The following comes from a special dispatch from one of our readers on June 10

A judge denied a temporary restraining order on Thursday, allowing California’s assisted suicide law to go into effect as scheduled, while scheduling a preliminary injunction hearing for June 29. The Life Legal Defense Foundation filed for the TRO against the End of Life Options Act on Wednesday and appeared in Riverside Superior Court on Thursday morning before the Honorable Daniel Ottolia.

Life Legal represents multiple physicians and the American Academy of Medical Ethics who are challenging the act on behalf of their patients. They argue that because the act creates exceptions in the existing California homicide and suicide statutes and removes certain legal protections from those deemed to have a “terminal disease,” it violates the Equal Protection clause of the Constitution and discriminates against those with “terminal” diagnoses.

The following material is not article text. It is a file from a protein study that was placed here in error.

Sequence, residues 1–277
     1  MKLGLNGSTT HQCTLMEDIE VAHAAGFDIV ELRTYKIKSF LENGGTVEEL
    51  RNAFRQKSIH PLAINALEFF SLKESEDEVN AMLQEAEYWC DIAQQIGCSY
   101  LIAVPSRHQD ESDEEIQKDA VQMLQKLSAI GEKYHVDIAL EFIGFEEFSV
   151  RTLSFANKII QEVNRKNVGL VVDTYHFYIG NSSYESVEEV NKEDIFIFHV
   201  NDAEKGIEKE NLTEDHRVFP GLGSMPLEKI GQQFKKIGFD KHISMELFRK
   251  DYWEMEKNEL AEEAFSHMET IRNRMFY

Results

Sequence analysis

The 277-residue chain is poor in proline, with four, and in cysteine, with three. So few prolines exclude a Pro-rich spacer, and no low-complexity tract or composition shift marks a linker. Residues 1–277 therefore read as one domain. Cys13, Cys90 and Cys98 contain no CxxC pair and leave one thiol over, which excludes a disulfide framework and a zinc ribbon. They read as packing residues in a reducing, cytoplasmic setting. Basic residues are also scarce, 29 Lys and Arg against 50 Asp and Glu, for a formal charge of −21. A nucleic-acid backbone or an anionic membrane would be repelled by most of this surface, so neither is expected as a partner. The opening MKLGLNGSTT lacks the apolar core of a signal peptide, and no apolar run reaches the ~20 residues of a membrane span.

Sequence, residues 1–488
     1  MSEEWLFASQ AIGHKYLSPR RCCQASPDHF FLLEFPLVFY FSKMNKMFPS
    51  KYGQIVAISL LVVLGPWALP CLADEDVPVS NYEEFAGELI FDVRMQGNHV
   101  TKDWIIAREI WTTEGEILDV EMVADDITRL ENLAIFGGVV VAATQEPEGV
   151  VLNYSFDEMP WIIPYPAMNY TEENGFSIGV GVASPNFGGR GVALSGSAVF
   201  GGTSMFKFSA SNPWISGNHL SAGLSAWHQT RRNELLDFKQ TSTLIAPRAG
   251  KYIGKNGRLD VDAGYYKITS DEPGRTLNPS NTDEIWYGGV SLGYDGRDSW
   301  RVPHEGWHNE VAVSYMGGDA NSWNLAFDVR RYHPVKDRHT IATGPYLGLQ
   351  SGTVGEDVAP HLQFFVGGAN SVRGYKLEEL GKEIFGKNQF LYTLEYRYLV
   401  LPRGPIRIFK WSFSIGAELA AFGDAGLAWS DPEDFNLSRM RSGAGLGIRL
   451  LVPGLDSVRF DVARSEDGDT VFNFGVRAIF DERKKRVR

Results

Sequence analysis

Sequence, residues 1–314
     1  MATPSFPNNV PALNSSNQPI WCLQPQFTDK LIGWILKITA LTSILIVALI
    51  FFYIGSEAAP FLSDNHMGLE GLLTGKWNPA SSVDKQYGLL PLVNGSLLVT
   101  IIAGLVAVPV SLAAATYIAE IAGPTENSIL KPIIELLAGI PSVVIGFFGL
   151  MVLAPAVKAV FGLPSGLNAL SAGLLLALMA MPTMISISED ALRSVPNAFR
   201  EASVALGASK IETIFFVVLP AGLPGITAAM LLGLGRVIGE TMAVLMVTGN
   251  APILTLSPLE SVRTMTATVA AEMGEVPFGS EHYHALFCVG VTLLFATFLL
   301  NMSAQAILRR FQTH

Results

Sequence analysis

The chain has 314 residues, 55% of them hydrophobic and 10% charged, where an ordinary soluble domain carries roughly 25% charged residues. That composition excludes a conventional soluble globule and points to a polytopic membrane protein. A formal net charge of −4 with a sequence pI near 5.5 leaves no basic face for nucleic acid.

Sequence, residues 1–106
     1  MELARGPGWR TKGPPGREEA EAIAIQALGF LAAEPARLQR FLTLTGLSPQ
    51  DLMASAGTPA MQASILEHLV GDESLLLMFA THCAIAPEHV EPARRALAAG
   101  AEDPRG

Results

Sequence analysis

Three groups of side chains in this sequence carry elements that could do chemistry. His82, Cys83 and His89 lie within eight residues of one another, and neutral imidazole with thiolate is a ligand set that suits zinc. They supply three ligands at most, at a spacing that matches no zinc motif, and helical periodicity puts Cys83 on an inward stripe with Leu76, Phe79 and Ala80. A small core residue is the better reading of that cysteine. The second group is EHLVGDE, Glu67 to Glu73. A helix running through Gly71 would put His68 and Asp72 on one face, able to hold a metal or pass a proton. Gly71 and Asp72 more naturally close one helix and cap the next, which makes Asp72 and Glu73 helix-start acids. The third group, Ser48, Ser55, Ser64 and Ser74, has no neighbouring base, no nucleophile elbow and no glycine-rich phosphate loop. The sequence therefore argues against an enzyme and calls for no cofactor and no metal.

Judge Ottolia denied the TRO noting that, because of the 15-day waiting period in the End of Life Options Act, no lethal drugs could be prescribed before June 24. Legally, for a judge to grant a TRO or other ex parte proceeding, there must be an immediate risk of harm.

The Riverside County deputy district attorney, Kelli Catlett, said that there should not be any further hearing on the matter. She argued that the district attorney’s office is the wrong place to challenge the law because of the principle of the separation of powers. She said that the DA merely enforces laws and that, with act coming into effect, certain actions against those deemed to have a “terminal disease” will no longer be crimes and her office will no longer have the power to prosecute the perpetrators. “The DA’s office has no ability to enforce the law, because the law does not exist,” she said.

Life Legal disagreed, saying that the court has the power to prevent the harm threatened by the Act coming into effect. Judge Ottolia agreed to schedule another hearing. The deputy DA asked for 45 days to prepare. Life Legal asked for the hearing to be sooner or for the TRO to be issued, as people would be in danger if the hearing were to be postponed that long. Judge Ottolia scheduled the hearing for June 29, to allow the district attorney sufficient time to respond. At this hearing, Life Legal will argue that the court should prohibit the district attorney’s office from recognizing the act’s exceptions to the homicide and suicide laws in making enforcement decisions.